Point of View

Keep youths out of adult court

April 29, 2013 

In North Carolina, it is possible for a 16-year-old who stole a bag of chips or got into a school yard scuffle to end up with a permanent criminal record that keeps him from joining the military, accessing enough financial aid to attend college or even passing a simple background check to get a low-wage job.

This lack of opportunity leads some down the road to homelessness, struggles with addiction or more serious criminal behaviors.

It’s a scenario that approximately 11,000 teenagers face each year in this state, because North Carolina is one of only two states that place all 16- and 17-year-olds directly into the adult criminal justice system, no matter what level of crime they are charged with.

And each case demonstrates a number of the significant moral and social scientific reasons that lawmakers should pass House Bill 725, “Young Offenders Rehabilitation Act,” which over the next four years raises the age for prosecution of misdemeanors (though not felonies) in the adult system to 18.

We should ask not only which system is more appropriate and morally just, given the differences in juvenile and adult psychology, but also whether there will be a greater social good accomplished by placing a young person in the adult or juvenile systems. We also should ask which alternative is more likely to lead to a promising future for the offender once reparations have been made.

These are not purely abstract philosophical questions; rather, they have been subject to extensive empirical research over the past several years. The moral arguments and social scientific literature lead to the same conclusion: 16- and 17-year-olds charged with misdemeanors should not be automatically placed in the adult criminal justice system.

We should recognize that adolescents are biologically and psychologically different from adults. Because they do not yet have the psychological constitution to make beneficial long-term decisions, they are more likely to be driven by impulse to risk-taking behaviors and to ignore the potential consequences of their actions. They therefore need not only punishment, but also guidance.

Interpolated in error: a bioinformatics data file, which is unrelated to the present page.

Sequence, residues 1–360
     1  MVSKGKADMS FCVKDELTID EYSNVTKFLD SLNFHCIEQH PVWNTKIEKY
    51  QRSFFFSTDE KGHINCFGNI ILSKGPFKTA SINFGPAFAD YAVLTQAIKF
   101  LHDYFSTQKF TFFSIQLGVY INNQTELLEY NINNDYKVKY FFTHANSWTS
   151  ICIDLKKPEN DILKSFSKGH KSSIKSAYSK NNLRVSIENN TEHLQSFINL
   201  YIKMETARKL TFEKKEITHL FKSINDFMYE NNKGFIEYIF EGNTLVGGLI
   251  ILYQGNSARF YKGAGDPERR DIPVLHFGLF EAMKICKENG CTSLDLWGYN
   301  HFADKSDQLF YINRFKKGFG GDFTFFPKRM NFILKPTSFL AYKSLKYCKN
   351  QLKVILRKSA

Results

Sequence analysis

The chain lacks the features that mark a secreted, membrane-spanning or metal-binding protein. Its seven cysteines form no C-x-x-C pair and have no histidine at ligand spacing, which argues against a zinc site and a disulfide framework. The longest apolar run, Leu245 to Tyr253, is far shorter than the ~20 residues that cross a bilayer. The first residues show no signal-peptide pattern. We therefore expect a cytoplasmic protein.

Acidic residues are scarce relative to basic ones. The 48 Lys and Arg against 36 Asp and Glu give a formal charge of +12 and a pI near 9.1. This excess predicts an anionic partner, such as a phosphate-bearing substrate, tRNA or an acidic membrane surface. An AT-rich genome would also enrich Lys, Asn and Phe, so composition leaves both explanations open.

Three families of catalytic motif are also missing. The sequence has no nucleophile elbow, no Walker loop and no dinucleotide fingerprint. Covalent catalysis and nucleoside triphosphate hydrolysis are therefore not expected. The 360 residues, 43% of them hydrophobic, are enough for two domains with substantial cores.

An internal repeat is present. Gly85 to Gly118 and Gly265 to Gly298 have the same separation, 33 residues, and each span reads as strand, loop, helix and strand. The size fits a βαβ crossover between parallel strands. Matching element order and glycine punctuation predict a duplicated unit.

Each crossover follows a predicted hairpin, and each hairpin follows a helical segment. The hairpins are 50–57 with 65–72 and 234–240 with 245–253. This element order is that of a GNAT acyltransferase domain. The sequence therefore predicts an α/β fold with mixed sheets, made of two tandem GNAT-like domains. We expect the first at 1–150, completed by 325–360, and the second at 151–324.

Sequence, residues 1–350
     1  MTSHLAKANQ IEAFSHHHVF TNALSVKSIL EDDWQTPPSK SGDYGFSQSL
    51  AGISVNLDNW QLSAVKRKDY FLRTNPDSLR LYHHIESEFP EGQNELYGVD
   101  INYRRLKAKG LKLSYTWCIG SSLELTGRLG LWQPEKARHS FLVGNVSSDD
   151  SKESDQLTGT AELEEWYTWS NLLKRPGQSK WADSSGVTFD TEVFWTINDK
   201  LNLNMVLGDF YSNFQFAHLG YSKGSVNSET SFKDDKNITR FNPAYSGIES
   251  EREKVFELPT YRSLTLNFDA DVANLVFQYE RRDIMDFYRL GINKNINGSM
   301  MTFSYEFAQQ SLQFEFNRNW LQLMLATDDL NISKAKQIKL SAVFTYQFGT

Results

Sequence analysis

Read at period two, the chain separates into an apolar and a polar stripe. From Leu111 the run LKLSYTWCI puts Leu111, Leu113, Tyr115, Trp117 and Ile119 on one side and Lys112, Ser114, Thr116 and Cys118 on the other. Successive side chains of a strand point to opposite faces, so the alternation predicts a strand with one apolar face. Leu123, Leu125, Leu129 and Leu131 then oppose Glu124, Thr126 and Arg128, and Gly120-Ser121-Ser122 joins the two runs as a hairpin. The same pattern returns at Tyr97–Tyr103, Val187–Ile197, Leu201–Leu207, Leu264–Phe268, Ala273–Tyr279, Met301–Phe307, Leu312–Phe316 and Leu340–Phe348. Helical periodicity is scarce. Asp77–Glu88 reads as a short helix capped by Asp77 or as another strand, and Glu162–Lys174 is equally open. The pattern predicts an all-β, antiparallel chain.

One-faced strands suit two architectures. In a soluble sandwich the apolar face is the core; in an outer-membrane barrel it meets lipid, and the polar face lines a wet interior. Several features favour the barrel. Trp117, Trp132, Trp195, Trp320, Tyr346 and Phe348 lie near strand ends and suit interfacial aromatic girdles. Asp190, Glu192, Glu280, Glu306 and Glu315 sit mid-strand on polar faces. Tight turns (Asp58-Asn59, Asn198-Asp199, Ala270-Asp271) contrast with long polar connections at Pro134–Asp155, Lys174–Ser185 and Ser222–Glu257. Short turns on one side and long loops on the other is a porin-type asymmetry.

This is why juvenile justice was founded on the premise of rehabilitation. Juveniles are in a transitional phase when their behaviors are not yet fixed, and there is a greater chance of intervening to encourage future behaviors more beneficial to society and the offender.


By contrast, researchers have found that youths transferred to the adult system actually receive longer sentences than those between the ages of 18 and 24 who engage in similar offenses and have similar criminal histories, which means they are actually treated more harshly than adults.

When we look at social costs and benefits, studies have demonstrated that rehabilitation reduces recidivism, while procedures commonly used in the adult system have no effect or actually increase recidivism.

Studies also have found that moving juveniles into the adult system either has no effect on violent crime (homicides, robberies, assaults, rapes or arson) or actually leads to higher rates while also costing substantially more.

North Carolina spends approximately $27,700 per inmate per year in the adult correctional system. Effective rehabilitation programs cost between $1,500 and $10,000 per year. Furthermore, though opponents of House Bill 725 argue that moving juveniles out of the adult system would demand exorbitant amounts of money, recent studies of Connecticut (which raised its age in 2007) show that the change has not significantly increased juvenile caseloads and actually cost $12 million less than expected in fiscal year 2010-11.


Looking at an individual’s potential contributions to society, we find that youths who are transferred to the adult system are less likely to complete high school (or higher levels of education), be employed or have stable housing and are actually more likely to recidivate than youths who are not transferred to the adult system.

The majority (70 percent to 90 percent) of adolescent offenders do not continue their offending as adults. However, transfer to the adult system can cut off pro-social opportunities, which can lead to drug dependence or further arrests.

For all these reasons, we urge quick passage of HB 725. North Carolina’s residents and its children deserve better.

Jamie Vaske is an assistant professor of criminology and criminal justice at Western Carolina University in Cullowhee. John F. Whitmire Jr. is associate professor and department head of philosophy and religion at WCU.

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